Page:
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    This paper estimates and maps the multidimensional poverty for rural Pakistan. It uses micro data from household surveys to construct the Multidimensional Poverty Index (MPI) with human development indicators like education, health, standard of living and wealth. Furthermore, it identifies multiple deprivations at individual level contributions in education, health, standard of living and wealth in the rural multidimensional poverty as overall and district levels. The results show that the 59 percent rural population of Pakistan is poor. The district Thatta, in Sindh, district Dera Ghazi Khan in Punjab and the district Nowshera in the KPK record highest multidimensional poverty index. No district is included from Baluchistan due to unavailability of data. It is expounded that the policy makers can develop the strategies to reduce the rural poverty by enhancing rural education, improving living standards and creating opportunities for income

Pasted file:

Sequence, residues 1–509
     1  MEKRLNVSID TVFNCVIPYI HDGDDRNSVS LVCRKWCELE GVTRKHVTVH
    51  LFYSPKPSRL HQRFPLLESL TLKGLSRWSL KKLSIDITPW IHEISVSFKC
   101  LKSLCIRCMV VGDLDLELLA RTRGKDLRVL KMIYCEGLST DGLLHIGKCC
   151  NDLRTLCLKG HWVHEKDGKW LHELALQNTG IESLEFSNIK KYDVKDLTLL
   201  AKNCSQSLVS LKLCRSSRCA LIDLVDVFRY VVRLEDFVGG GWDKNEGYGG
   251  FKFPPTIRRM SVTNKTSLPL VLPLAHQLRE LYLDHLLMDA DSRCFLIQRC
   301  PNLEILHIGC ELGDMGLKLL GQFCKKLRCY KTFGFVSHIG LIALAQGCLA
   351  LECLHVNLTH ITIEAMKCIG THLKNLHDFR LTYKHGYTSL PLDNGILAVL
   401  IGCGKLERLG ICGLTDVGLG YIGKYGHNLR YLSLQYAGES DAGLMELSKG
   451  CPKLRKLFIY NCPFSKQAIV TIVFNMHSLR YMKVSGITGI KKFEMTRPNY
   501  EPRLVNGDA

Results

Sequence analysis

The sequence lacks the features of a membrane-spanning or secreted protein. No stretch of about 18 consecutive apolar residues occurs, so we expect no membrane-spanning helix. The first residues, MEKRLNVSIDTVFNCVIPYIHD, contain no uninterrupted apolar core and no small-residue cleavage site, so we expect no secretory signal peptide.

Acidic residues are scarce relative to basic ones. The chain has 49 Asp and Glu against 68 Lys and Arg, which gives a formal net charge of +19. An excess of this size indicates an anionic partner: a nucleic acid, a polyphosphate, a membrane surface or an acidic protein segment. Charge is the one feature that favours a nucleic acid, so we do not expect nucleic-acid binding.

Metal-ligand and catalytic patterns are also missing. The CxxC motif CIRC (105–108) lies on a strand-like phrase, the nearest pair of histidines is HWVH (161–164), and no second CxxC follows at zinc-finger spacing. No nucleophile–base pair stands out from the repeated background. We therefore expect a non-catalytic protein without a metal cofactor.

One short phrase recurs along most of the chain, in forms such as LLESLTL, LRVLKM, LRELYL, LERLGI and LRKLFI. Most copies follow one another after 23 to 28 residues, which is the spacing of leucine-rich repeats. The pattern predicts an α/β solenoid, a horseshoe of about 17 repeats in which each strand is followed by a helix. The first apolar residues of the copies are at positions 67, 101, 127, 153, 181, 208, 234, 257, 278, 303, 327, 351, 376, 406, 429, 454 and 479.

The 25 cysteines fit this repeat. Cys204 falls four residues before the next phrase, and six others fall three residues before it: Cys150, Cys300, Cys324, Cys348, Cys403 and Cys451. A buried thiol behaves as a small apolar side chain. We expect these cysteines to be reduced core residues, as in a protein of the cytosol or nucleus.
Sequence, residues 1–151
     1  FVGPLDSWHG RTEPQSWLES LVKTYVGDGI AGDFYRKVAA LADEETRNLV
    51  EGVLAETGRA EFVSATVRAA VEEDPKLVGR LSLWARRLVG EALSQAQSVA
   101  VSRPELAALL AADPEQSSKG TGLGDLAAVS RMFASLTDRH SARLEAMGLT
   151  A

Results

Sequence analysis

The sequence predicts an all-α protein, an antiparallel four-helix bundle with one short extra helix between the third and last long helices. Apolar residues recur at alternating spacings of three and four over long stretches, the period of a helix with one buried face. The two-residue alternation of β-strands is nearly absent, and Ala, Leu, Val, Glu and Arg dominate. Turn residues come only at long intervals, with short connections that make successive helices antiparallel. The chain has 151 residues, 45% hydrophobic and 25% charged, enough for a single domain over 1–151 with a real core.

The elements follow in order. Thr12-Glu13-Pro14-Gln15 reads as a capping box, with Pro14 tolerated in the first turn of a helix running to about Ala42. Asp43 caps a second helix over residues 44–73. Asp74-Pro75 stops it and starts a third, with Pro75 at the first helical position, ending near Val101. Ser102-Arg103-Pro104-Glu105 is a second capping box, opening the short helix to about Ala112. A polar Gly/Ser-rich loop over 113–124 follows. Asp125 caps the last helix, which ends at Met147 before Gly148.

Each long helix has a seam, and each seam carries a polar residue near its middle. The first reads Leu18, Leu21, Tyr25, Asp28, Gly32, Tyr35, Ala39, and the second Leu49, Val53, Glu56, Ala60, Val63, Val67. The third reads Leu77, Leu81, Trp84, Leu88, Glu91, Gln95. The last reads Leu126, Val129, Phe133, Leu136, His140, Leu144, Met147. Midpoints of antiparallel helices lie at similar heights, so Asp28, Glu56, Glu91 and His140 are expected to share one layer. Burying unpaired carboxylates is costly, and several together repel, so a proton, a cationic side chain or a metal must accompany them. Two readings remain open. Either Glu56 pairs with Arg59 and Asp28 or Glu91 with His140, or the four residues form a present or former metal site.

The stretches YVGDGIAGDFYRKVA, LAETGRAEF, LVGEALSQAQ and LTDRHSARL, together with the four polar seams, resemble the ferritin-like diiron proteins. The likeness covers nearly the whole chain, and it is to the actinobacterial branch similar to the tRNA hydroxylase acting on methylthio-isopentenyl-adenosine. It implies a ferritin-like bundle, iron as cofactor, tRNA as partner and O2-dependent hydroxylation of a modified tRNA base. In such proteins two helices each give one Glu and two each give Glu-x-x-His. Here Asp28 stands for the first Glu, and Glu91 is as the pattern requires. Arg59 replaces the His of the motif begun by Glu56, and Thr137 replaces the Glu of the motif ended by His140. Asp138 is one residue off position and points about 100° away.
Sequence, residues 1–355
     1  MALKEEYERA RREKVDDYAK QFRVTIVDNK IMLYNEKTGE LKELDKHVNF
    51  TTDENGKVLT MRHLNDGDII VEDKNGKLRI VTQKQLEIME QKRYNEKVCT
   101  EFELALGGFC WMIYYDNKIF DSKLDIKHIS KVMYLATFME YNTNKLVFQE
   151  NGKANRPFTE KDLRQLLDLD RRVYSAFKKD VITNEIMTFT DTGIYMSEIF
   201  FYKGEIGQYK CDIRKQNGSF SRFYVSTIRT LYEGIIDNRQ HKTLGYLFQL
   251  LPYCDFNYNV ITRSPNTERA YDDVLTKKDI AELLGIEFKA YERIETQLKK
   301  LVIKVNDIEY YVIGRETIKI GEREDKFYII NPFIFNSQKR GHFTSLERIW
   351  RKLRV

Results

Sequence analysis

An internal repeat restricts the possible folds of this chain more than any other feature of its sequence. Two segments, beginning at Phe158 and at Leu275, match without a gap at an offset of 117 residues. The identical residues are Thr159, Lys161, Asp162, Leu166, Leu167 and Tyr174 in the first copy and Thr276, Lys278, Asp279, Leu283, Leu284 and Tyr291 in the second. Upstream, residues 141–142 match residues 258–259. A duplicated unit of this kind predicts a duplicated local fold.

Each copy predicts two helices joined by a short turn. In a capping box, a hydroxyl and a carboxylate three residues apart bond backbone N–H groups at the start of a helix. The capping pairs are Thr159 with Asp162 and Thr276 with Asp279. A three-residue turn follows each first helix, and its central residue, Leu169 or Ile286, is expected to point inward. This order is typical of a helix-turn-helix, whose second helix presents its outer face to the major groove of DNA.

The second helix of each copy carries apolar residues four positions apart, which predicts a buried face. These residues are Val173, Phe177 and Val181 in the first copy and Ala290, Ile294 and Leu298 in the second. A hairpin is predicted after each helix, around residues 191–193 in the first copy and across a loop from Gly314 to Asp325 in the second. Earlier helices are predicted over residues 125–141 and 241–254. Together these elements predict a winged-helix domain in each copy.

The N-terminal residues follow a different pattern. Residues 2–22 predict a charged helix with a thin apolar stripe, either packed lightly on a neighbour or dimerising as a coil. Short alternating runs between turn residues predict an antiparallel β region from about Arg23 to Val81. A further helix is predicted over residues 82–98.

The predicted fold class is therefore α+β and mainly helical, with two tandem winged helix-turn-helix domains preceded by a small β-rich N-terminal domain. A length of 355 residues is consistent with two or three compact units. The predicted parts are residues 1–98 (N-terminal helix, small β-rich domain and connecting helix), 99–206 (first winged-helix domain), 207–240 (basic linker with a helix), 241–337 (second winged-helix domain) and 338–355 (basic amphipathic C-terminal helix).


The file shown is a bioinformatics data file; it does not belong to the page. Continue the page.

Estimating the Impact of Technical Barriers to Trade in WTO Regime: The Case of Pakistan

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    Technical Barriers to Trade (TBT) forwarded by World Trade Organisation (WTO) has obstructed world trade patterns; generally, it is conceptualized as non-tariff barrier which impedes trade. In this study, impact of TBT on imports of Pakistan has been estimated. This paper explores how TBT affects import of Pakistan from its trade partner using PPML estimation method to handle zero trade flows and overdispersion of data of Pakistan’s import, based on gravity model. The findings depict that GDP of Pakistan and partners, exchange rate, tariff, distance, and contiguity are vital factors; along with TBT cases initiated by Pakistan have also impacted import from WTO members. The results suggest that Pakistan-initiated TBT and tariff have experienced lower import volume, hence they can be used to administer its ever-increasing trade deficit. The study also presents comparative analysis of TBT and tariff impacts on imports from high income, upper middle, lower middle, and lower income countries as classified by the World Bank